fire_wings
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8/24/2016 8:45:06 PM
Posted: 3 months ago
Why do voters feel like they need to write RFDs as long as the debates?
#ALLHAILFIRETHEKINGOFTHEMISCFORUM

...it's not a new policy... it's just that DDO was built on an ancient burial ground, and that means the spirits of old rise again to cause us problems sometimes- Airmax1227

Wtf you must have an IQ of 250 if you're 11 and already decent at this- 16k

Go to sleep!!!!- missmozart

So to start off, I never committed suicide- Vaarka
whiteflame
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8/25/2016 12:47:52 AM
Posted: 3 months ago
At 8/24/2016 8:45:06 PM, fire_wings wrote:
Why do voters feel like they need to write RFDs as long as the debates?

I didn't feel the need in this instance, or for that matter in any instance. But I wanted to provide substantial feedback and explain why various facets of each side's case either did or didn't work. It wasn't because of a duty or a requirement, just a desire to provide something actionable to the debaters.
fire_wings
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8/25/2016 6:44:13 AM
Posted: 3 months ago
At 8/25/2016 12:47:52 AM, whiteflame wrote:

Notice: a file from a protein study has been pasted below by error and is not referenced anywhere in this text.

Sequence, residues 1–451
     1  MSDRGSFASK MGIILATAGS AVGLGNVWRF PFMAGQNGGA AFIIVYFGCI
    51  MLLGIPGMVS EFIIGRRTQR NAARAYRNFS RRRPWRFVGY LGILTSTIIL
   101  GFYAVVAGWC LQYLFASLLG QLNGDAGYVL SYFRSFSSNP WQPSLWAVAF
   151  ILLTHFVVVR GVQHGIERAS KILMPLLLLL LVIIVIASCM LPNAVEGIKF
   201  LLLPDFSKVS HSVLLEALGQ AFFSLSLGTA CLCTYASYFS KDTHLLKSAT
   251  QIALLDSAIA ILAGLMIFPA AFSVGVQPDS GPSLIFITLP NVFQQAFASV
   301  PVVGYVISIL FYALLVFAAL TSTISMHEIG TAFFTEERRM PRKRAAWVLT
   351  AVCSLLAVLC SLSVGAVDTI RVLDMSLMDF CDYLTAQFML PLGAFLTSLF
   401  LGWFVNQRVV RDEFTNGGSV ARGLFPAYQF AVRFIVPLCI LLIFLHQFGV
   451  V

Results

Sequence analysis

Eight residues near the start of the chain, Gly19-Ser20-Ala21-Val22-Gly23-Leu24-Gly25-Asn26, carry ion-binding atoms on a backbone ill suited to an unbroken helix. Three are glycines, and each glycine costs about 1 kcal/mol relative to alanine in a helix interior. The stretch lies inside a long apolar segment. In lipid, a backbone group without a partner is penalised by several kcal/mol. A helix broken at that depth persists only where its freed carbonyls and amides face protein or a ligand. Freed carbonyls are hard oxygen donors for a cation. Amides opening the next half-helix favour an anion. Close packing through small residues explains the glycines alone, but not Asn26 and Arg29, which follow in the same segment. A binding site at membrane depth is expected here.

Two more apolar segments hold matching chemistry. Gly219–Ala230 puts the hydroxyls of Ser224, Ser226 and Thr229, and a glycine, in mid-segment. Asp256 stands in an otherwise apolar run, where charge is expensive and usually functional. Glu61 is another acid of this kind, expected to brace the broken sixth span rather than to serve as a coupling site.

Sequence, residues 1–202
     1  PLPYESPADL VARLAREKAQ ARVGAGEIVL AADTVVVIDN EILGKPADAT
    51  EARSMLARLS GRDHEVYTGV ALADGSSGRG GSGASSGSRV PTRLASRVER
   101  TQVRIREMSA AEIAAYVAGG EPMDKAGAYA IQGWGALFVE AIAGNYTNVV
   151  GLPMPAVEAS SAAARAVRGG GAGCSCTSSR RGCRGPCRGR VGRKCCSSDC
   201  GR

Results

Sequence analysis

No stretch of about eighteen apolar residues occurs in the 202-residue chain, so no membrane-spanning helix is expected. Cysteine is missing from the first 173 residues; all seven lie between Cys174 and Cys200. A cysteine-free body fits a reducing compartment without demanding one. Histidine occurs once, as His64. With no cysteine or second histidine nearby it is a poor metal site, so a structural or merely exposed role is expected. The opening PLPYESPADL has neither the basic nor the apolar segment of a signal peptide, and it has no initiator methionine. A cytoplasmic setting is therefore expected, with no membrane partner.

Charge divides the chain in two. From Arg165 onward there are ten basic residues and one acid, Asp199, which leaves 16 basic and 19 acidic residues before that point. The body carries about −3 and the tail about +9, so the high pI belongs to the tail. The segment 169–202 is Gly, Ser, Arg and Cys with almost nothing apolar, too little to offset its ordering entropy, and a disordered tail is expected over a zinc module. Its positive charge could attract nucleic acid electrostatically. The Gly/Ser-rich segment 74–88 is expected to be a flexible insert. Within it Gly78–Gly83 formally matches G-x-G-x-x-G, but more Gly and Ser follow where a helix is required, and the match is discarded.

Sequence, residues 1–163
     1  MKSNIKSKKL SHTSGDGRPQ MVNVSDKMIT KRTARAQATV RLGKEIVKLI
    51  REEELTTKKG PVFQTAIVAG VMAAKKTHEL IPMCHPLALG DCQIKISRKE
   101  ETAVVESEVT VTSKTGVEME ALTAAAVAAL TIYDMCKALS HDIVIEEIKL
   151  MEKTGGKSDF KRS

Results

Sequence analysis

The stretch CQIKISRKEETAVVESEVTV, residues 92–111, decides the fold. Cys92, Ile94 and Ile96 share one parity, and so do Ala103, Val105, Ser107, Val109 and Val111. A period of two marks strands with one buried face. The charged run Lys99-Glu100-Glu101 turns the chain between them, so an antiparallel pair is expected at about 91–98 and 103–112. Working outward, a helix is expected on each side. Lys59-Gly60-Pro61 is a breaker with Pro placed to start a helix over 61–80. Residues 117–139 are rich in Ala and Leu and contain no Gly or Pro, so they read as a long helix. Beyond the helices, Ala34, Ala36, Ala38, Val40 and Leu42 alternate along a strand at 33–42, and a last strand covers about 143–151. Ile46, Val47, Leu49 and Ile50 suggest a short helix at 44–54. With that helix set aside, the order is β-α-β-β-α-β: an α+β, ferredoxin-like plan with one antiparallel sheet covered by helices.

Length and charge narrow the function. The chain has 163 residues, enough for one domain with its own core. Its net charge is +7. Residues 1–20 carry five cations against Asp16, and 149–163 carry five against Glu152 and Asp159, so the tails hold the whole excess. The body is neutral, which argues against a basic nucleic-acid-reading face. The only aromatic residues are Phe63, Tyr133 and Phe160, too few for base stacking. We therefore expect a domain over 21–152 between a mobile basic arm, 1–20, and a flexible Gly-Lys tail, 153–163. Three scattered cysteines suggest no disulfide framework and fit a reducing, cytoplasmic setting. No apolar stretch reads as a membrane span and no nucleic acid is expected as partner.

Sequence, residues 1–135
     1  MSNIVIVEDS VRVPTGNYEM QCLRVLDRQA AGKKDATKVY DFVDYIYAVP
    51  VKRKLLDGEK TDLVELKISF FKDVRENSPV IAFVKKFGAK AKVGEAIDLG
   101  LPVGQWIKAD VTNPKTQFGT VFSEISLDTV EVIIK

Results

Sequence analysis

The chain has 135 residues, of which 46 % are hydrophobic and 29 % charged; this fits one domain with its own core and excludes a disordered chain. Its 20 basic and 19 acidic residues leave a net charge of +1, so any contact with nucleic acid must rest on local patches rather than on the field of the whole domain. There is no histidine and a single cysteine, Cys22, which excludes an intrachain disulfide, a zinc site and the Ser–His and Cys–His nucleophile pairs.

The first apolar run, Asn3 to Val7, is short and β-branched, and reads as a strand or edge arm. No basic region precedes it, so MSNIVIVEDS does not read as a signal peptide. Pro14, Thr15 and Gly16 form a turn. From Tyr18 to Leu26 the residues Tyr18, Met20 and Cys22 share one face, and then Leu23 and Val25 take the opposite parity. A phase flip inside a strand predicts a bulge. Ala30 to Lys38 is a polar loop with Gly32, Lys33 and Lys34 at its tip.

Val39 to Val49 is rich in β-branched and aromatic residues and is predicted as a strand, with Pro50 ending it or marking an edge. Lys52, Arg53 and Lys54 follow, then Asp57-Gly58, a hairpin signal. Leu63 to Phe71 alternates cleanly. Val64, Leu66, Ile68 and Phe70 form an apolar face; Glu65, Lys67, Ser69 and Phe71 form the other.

At 8/24/2016 8:45:06 PM, fire_wings wrote:
Why do voters feel like they need to write RFDs as long as the debates?

I didn't feel the need in this instance, or for that matter in any instance. But I wanted to provide substantial feedback and explain why various facets of each side's case either did or didn't work. It wasn't because of a duty or a requirement, just a desire to provide something actionable to the debaters.

I didn't read it yet because it to long...
#ALLHAILFIRETHEKINGOFTHEMISCFORUM

...it's not a new policy... it's just that DDO was built on an ancient burial ground, and that means the spirits of old rise again to cause us problems sometimes- Airmax1227

Wtf you must have an IQ of 250 if you're 11 and already decent at this- 16k

Go to sleep!!!!- missmozart

So to start off, I never committed suicide- Vaarka